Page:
Giverny is located 50 miles from Paris and sits on the right bank of the River Seine at the point where the waterway meets the River Epte. The settlement dates back to Neolithic times and Gallo-Roman archaeological finds from the first and second centuries have been unearthed there. Travellers voyaging along France’s most famous river will almost certainly stop at Giverny, as though vine cultivation has long been a main source of income for the village’s people, today it is most famous for its association with the legendary artist Claude Monet, who lived and worked in the village throughout his life.
As you would imagine, the main focus of many river cruise excursions in Giverny is Claude Monet’s House and Gardens. The stone farm house in which the artist lived and worked from 1883 until his death in 1926, as well as its surrounding gardens, are open to the public and make for a fascinating experience. It is indeed humbling to explore the very place which was such a constant for the artist and the beautiful water gardens are a particular highlight and feature the actual pond which was the subject of Monet’s famous ‘Water Lilies’. Yes, the lilies are still there and though you’ll not have time to paint your own likeness of them, there’s nothing stopping you from capturing your very own photographic representation.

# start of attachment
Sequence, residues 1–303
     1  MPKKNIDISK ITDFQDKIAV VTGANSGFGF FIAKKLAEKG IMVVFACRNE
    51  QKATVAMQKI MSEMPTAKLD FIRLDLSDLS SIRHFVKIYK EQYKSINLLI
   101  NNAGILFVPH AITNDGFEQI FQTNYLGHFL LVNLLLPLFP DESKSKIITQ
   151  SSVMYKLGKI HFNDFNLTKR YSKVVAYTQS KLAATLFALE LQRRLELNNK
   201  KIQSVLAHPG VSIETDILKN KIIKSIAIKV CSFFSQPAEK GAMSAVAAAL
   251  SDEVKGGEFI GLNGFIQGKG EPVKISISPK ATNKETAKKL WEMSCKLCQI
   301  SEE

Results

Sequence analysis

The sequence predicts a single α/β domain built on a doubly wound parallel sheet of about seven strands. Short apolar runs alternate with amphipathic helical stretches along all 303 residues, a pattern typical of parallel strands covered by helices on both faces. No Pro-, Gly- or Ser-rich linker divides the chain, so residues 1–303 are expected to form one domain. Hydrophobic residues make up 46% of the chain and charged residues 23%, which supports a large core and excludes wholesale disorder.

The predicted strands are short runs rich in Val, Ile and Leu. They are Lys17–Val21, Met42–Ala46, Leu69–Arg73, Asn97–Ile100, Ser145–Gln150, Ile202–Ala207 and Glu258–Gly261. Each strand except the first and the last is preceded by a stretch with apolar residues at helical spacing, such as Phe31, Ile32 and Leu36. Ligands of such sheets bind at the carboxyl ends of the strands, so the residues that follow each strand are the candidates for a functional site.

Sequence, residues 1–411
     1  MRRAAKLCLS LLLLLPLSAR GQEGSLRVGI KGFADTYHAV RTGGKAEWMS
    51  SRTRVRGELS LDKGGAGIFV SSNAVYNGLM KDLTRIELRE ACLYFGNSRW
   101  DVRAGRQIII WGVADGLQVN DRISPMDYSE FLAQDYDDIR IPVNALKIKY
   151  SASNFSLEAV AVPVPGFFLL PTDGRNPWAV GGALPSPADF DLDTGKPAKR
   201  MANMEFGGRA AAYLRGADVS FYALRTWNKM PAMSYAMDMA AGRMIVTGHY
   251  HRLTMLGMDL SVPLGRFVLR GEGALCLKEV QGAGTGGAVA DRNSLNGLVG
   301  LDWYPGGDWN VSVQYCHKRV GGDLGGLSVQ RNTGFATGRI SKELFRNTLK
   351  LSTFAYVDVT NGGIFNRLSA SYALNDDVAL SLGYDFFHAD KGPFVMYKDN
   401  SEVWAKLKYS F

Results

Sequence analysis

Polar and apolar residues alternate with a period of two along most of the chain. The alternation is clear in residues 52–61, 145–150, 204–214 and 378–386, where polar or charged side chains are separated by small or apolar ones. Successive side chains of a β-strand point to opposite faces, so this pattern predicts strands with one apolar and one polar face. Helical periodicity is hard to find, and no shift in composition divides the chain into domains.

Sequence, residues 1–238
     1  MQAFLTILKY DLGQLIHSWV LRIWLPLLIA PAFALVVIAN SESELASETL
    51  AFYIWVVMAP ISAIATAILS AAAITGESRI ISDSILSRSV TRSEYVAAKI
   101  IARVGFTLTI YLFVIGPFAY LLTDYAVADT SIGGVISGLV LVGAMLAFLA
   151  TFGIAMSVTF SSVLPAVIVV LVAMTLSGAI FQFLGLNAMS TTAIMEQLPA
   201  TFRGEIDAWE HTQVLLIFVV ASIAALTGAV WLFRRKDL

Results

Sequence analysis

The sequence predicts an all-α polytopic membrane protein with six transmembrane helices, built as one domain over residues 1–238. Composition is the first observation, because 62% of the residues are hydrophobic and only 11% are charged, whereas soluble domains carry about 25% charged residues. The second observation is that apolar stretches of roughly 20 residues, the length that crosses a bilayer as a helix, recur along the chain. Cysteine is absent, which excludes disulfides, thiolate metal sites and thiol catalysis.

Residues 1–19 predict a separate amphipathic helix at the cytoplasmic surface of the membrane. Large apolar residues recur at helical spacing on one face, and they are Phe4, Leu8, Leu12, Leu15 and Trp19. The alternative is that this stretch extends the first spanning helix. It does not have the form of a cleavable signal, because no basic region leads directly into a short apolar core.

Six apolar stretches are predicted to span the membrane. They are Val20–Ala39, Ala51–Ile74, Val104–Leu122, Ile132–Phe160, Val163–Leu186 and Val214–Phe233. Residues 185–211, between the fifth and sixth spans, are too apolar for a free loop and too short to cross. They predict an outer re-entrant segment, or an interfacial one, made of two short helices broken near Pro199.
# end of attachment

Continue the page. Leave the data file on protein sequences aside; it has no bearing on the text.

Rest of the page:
The Impressionist Museum is another artistic attraction, housing a number of Monet works as well as those of a renowned Japanese impressionist. It has its own picturesque gardens and is located just a short distance away from Monet’s House and Garden, so it’s possible to explore both during your visit to Giverny.
The main architectural attraction in Giverny itself is its church which is also the final resting place of Monet and you can discover this marvellous structure for yourself on a stroll through the village. Giverny is also home to a touching memorial to a British bomber crew whose plane was shot down near the town during the Second World War. It’s not all about artistry of the canvas in Giverny however and if you want to experience something different, head to the Museum of Natural Mechanics, which houses a wealth of historical machinery dating back to the glory days of steam and agricultural industry.
If you're an art-lover or know someone who is, then you really don't want to miss the chance to pick up a souvenir from Monet's historic home, where postcards of both the interiors and the gardens are available. Failing that, your own photograph of his famous water lilies would also make an excellent gift or keepsake.